Singapore Court of Appeals found ‘Nutello’ guilty of infringing ‘Nutella’ trademark.
Sarika Connoisseur Café (the Appellant) is the owner of the “TCC – the coffee connoisseur” café chain in Singapore. The Appellant came up with a new espresso-based drink called “Nutello”, in August 2007. The drink contained Ferrero SpA (the Respondent)’s chocolate-based hazelnut spread, sold under the trademark “Nutella” as one of its ingredients. Ferrero SpA had successfully sued for trade mark infringement of its “Nutella” trade mark under Sections 27(2)(b), 55(2), 55(3)(a) and 55(3)(b)(i) of the Trade Marks Act (Cap. 332, 2005 Rev Ed) (“TMA”) and for passing off.
The Singapore Court of Appeal, found the “Nutello” mark to be confusingly similar to the “Nutella” mark and that, the Appellant have indeed infringed on the Respondent’s famous trademark. “Nutella”, is an invented word which is unique and highly distinctive. The Court of Appeal ...view middle of the document...
Trademark infringement case (Overseas)
Gucci VS Guess
In 2009, Gucci first filed a suit against Guess, accusing that Guess designs and marks infringed on five of Gucci’s trademarks. Gucci wanted an injunction and was attempting to claim $120 million in damages. The judge granted Gucci injunctive relief and a small fragment of the damages sought 3 years later, in 2012. Gucci is an Italian fashion company, and is one of the largest companies and most recognizable luxury and goods brands in the world today. Guess is an American fashion company, and is aimed towards the middle class.
The first case was taken place in USA, New York and the second case took place in Italy, Milan. However, the Milan court’s decision was in favour of Guess and Gucci lost the law suit in 2013.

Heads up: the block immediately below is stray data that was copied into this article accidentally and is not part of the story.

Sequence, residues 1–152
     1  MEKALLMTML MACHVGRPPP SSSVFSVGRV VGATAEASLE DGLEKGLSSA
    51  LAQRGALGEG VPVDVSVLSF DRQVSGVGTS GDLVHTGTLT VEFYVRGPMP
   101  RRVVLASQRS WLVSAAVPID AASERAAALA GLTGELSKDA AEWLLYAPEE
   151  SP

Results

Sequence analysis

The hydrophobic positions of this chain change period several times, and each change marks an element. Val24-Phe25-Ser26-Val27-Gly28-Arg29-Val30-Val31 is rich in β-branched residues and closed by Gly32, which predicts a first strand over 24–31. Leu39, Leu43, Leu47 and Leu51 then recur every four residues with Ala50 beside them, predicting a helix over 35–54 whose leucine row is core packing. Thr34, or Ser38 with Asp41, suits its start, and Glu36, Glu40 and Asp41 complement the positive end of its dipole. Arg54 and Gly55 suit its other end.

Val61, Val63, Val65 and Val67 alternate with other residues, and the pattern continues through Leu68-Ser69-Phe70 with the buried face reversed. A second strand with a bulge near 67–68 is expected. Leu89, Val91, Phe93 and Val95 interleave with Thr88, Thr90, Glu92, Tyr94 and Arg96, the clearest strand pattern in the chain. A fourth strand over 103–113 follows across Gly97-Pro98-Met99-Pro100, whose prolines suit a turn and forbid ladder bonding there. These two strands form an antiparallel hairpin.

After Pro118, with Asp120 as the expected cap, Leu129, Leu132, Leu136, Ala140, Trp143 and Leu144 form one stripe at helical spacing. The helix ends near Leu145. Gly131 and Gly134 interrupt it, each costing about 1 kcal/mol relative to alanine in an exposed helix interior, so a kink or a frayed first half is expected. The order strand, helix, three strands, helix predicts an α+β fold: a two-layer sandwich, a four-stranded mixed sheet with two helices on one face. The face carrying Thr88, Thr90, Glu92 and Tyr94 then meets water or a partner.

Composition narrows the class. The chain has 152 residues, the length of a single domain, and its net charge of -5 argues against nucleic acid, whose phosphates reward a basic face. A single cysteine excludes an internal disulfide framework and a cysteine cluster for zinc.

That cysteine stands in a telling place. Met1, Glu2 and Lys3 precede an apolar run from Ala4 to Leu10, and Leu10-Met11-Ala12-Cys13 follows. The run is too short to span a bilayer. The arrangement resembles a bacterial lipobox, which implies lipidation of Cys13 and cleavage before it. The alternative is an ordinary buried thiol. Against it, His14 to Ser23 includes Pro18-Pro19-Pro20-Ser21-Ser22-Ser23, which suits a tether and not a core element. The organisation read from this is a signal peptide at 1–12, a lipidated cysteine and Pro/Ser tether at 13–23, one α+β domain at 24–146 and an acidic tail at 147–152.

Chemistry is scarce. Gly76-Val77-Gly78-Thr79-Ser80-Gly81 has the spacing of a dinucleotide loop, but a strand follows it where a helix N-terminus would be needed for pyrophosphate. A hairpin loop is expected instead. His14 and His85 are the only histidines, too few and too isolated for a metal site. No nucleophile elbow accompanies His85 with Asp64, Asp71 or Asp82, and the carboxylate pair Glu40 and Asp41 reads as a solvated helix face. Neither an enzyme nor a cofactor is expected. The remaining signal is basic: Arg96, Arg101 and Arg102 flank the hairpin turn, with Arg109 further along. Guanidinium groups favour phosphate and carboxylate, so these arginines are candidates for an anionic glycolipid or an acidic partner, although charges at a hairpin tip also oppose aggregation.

The five Gucci trademarks are, first, a Green-Red-Green stripe used on handbags, luggage, and different leather goods; second, a repeating double ”G” pattern consisting of a pair of inward facing, inverted “G”s; third, that pattern’s use in conjunction with a diamond; fourth, a stylized “G”; and fifth, a script mark bearing the brand’s name. The corresponding Guess marks were, first, multiple three colored stripes, including the Green-Red-Green stripe, used on some of its shoes; second, a trademarked a “Quattro G” logo and pattern consisting of four interconnected “G”s; third, the use of this pattern rotated 45 degrees clockwise and surrounded by a stitched diamond-shaped border; fourth, a square stylized “G”; and fifth, a script mark bearing the brand’s name.
The judge granted Gucci injunctive relief banning Guess from using the Quattro G Pattern in brown/beige, a Green-Red-Green Stripe (but not stripes with other colors), and certain Square G marks. Guess was allowed to continue using the other designs. In terms of damage relief, the judge held Gucci was only entitled to an accounting of profits and limited the damages to those financial gains gained in sales of goods with the Quattro G pattern in brown/beige color design and the Green-Red-Green stripe. Thus, out of the $120 million claim, the judge only granted Gucci a payout of $4.648 million, which was then reduced to $456,183.